1 University of Education (GERMANY)
2 Schutzgemeinschaft Deutscher Wald (GERMANY)
About this paper:
Appears in: ICERI2012 Proceedings
Publication year: 2012
Page: 1689 (abstract only)
ISBN: 978-84-616-0763-1
ISSN: 2340-1095
Conference name: 5th International Conference of Education, Research and Innovation
Dates: 19-21 November, 2012
Location: Madrid, Spain
What is the stage potential of the woods? In a classroom or theatre students´minds are captured by traditional ways of stage interpretations. Dealing with authors like Shakespeare is a challenge due to their remoteness e.g. considering language which at the same time may become its very attraction. With the communicative turn foreign language teaching also changed its methods concerning literature in the classroom. In the last couple of years innovative approaches like CLIL (Content and Language Integrated Learning) and forest education both based on cooperative and autonomous learning were developed. These approaches deal with the problem of learners´ barriers. With the focus on the integration of language and content in CLIL students can use the language as a tool for communication and can easily access language; forest education focuses on releasing new access to sustainability experiencing topics dealt with in biology or politics. In this paper we would like to discuss to what extent these new approaches can be integrated and outline a theory-based workshop on Shakespeares play “A Midsummer Night´s Dream” conducted in the woods. The workshop is based on the interrelations between the competences of forest education, CLIL and performative pedagogy. The students task is to stage a Shakespearean performance at the end of the workshop. This does not necessarily mean a performance of the play but could also be an own approach to e.g. the play, language, topic. The Shakespeare play is taught with interactive methods by Rex Gibson. The students are also offered an educational programme on trees and animals in the woods paying tribute to flora and fauna mentioned in the play. The intention is to create an educational landscape which is open and inspiring according to Richard Louv´s associative pedagogy in the woods which is based on projects and autonomous learning. In contrast to a classroom setting students can find loose parts such as roots, leaves, twigs in the woods to construct their environments. The Shakespeare part and the forest education programme are held in English. Thus according to CLIL principles the foreign language is used as a vehicle for understanding and the content is not taught in but with and through the foreign language. The content conveyed refers to drama and biology. The language chosen for this example is English because of the Shakespeare play, but this could be also carried out with other languages using translations of the play. Integrating the didactic approaches mentioned students can experience the play “A Midsummer Night´s Dream” in the very setting of the woods. The woods, where individuality and creativity is released, function as a counterworld to didactic arrangements found in institutions such as schools or theatres. Following Louv´s constructivist pedagogical approach thus a learner-oriented environment can be established. The learners in this setting are not guided by teaching material such as biology or English textbooks, but are confronted with the material itself: the play and nature.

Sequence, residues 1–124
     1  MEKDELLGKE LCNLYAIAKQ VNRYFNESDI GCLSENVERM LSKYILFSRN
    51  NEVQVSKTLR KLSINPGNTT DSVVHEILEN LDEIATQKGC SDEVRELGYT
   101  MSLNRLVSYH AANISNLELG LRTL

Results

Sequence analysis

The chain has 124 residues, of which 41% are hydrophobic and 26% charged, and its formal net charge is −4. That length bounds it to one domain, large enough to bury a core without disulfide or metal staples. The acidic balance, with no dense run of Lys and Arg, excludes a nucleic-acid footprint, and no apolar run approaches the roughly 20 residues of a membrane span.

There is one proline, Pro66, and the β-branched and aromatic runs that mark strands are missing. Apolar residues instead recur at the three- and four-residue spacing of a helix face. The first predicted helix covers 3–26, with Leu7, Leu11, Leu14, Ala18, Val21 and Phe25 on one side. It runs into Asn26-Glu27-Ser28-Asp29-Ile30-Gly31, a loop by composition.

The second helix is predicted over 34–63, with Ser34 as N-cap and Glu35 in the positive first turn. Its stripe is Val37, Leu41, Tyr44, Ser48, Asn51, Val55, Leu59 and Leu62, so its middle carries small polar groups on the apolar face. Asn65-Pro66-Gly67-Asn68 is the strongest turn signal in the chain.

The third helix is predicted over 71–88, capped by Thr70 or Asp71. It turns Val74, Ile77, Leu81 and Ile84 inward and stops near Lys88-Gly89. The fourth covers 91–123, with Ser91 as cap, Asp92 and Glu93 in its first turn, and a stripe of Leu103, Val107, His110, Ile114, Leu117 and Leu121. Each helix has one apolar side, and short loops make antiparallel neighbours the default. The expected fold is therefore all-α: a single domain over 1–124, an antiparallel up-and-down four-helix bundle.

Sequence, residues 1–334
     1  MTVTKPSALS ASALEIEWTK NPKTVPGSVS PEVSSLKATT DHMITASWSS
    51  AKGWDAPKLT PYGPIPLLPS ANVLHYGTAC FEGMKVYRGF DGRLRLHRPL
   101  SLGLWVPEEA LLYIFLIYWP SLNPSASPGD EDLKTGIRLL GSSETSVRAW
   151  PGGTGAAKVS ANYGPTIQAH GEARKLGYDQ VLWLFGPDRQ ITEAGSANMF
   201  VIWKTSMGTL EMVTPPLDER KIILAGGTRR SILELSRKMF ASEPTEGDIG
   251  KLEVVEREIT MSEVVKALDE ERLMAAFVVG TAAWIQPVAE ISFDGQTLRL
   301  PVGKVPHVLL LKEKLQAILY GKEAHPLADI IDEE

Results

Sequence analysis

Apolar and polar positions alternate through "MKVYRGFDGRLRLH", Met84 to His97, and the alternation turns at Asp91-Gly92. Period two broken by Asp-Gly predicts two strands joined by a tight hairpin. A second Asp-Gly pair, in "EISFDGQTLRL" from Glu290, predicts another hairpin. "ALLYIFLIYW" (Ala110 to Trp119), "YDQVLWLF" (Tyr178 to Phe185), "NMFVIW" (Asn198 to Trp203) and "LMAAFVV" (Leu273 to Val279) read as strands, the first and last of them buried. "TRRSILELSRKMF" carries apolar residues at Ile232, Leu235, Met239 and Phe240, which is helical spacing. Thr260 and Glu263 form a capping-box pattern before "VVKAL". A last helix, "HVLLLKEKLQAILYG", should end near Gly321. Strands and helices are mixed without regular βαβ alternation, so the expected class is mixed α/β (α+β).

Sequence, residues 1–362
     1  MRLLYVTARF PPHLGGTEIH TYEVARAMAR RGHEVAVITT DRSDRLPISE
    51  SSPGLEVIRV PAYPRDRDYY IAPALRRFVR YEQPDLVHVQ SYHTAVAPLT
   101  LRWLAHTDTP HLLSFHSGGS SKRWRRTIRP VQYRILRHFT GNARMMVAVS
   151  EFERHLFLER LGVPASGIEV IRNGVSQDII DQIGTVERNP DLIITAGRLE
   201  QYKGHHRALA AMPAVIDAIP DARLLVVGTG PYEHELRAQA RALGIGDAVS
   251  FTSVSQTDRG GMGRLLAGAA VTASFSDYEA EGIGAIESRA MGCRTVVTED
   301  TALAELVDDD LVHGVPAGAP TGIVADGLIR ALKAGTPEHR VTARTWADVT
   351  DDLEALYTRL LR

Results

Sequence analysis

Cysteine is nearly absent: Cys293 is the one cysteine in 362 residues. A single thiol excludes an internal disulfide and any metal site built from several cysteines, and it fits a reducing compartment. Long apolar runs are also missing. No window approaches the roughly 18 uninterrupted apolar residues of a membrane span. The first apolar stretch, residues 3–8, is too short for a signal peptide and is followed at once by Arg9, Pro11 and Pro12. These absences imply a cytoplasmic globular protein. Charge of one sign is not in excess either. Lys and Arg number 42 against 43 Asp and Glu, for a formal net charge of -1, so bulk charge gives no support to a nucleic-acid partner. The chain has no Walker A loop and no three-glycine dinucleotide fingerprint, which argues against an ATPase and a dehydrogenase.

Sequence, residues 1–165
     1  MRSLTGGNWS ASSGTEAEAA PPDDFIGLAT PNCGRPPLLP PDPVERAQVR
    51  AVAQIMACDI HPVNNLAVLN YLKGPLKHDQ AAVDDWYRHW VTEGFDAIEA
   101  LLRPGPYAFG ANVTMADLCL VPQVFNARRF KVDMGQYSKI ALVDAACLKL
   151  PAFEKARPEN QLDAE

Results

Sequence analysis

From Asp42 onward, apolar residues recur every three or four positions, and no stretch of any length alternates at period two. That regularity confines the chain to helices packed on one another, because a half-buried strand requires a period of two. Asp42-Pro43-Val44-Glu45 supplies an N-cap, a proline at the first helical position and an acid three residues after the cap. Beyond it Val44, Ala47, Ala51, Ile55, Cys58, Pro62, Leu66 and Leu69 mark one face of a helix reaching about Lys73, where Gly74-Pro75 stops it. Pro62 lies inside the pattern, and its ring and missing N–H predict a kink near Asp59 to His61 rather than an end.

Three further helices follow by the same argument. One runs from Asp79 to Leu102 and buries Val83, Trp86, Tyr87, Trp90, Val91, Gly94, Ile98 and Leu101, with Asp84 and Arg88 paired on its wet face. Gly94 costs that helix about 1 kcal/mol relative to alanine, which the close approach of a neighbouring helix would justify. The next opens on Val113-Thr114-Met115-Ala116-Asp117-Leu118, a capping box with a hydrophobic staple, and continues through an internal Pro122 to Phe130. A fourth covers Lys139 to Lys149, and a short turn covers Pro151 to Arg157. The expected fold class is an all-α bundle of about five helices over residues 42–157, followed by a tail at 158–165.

Forest education, theatre, CLIL, interdisciplinary, cooperative learning.